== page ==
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C.A.S.T. paves the road to recovery in KwaZulu-Natal


C.A.S.T. paves the road to recovery in KwaZulu-Natal

Category Community

The impact of the KwaZulu-Natal floods has certainly caused a massive upheaval in most residential areas. Communities all over our beautiful province have been ravaged by the devastating floods that caused the destruction of roads and houses and left many homes and businesses without electricity and water for days on end. The after-effects have been catastrophic and seen thousands of people displaced from their homes, jobless and without any resources or ways to provide food, clothing or shelter for their families. 

Ready to assist in any way they can
A local non-profit organisation based in Westville has risen to the challenge and been instrumental in getting aid to those most affected by the flooding in KZN. C.A.S.T. (Church Alliance for Social Transformation) has rallied support from local businesses and donations from the public to provide urgent relief to those in need. Operating out of Home Ground Church in Westville, members of the community have been dropping off food, warm clothing, blankets, toiletries, and baby supplies, which C.A.S.T. then distributes to the group's ten affiliated churches, who in turn reach out and aid the affected communities. Every day a new request for aid and support comes in and C.A.S.T. is on the ball, ready to ship out and assist in any way they can. From mattresses to food and clothing items, the team relies on donations and support from the community and their church groups to keep going.

Still so much to do
We spoke to Programme Manager, Sandy Reid and PR Manager and Head of Fundraising, George Mwaura to learn more about how this organisation has helped local communities so far and what more needs to be done. "We have significantly changed our approach since the pandemic," says Reid, "We ran many education, business and youth programmes from our churches and schools, but since COVID-19 and the floods hit, we've been more focused on providing relief to those in dire straits." 

With C.A.S.T. quickly shifting gear and going into survival mode, the initiative shown by the members of staff, along with the influx of new volunteers, has been astounding. Mwaura says he would love to invite members of the public to volunteer even for a day, to witness firsthand the groundwork that still needs to be done in the most affected areas. Even though C.A.S.T. has helped over thirty communities cope with the floods, there is still much to do. The organisation's social media pages have been a great platform for fundraising and have rallied numerous volunteers to reach out across the province. The most highly requested items the public is encouraged to donate are non-perishable foods, clothing items, blankets and toiletries.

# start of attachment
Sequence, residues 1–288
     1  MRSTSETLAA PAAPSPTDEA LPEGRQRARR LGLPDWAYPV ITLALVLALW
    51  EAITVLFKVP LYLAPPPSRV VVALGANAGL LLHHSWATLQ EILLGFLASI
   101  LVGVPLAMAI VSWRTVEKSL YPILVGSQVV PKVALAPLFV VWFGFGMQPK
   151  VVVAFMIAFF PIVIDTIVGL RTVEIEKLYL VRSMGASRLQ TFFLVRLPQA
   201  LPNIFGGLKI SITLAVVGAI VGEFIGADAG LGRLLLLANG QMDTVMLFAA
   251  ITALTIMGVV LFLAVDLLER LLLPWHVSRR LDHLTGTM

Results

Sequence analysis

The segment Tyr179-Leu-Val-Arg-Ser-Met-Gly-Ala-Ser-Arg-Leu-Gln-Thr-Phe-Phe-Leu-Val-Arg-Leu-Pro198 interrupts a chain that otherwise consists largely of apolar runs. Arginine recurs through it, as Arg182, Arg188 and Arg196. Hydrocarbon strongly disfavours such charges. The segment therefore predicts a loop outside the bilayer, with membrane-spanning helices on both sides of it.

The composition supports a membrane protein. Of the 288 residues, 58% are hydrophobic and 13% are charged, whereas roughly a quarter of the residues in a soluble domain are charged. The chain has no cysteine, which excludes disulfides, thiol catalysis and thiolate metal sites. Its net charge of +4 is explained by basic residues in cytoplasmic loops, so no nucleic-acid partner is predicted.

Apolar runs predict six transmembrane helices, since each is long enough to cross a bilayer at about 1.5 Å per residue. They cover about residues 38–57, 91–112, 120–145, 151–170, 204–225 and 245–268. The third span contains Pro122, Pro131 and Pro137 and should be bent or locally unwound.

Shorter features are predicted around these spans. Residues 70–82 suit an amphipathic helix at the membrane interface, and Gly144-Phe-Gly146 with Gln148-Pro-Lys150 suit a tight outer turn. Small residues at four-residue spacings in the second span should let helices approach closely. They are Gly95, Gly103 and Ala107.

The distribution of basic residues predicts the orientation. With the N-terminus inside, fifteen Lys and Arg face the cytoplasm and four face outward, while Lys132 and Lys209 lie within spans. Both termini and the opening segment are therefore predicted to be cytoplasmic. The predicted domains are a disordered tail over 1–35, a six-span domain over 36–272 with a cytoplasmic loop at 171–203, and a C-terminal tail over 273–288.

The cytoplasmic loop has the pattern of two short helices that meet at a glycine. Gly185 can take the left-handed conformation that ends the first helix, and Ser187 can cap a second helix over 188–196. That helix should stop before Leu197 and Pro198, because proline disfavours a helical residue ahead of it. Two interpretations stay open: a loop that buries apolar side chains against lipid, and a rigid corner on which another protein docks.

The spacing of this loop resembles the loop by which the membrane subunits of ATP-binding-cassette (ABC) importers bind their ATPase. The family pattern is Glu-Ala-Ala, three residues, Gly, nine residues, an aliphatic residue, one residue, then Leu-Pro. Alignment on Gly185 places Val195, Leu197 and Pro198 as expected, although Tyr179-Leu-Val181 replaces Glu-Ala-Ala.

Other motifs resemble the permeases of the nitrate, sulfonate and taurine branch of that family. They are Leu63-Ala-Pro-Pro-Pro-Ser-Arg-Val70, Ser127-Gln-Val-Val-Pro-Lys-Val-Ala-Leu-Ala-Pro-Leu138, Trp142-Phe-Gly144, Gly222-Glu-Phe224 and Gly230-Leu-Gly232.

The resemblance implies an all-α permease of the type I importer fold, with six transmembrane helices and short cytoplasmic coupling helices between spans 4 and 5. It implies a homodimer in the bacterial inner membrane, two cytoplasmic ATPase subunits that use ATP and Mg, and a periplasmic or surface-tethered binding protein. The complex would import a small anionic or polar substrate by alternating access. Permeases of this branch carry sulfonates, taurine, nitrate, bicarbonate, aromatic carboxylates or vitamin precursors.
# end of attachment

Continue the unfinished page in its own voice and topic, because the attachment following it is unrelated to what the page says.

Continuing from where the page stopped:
Fulfilling the needs of the communities
In some parts of KwaZulu-Natal, major efforts are being made to rebuild shelters and homes that were washed away in the floods. The demand for building supplies and materials like bricks, cement and corrugated sheets has risen but is currently low in availability at the organisation. Monetary donations received go towards fulfilling the needs of the communities being helped and are used for everything from schooling supplies to nappies and care packages for the elderly. C.A.S.T. is dedicated to assisting every age group, as the very young and old often cannot help themselves.

Pushing forward despite the odds 
Access to most of the severely impacted areas has been tough. Reid and Mwaura say that there are many challenges in terms of delivering aid, however, they've managed to work around them. No matter how impossible it may seem to reach certain areas, they've carefully manoeuvred their way across risky terrains to reach their destination. As the ongoing construction rebuilds major access points, the team has hope that it will become easier with time as the relief drives will continue for the foreseeable future. "There is a long way to go," says Reid. "We want to thank the community for their support and urge them to continue to drop off any physical donations at Home Ground Church, 4 Church Place, Westville." Monetary donations and contributions can also be made through the C.A.S.T website and online shop to help communities with items that will in turn help them to generate their own income or food supply. 

A beacon of hope
In times like these, it's important to focus on basic services and empathetic understanding. Partnering with local churches has helped C.A.S.T. deliver more than physical and monetary donations. It's given residents who have lost everything hope to continue and the will to uplift themselves and their communities. The practicality and action-based faith that C.A.S.T. exhibits have inspired many residents, businesses and NGOs. They've consistently been a beacon of light and positivity in the community of Westville and that has spread across the province and is being felt from the suburbs to the rural areas. 

If you would like to volunteer or make a donation to this worthy non-profit organisation, please visit or call Sandy on 082 375 9102.

Author Shelley Residential
Published 29 Jun 2022 / Views -

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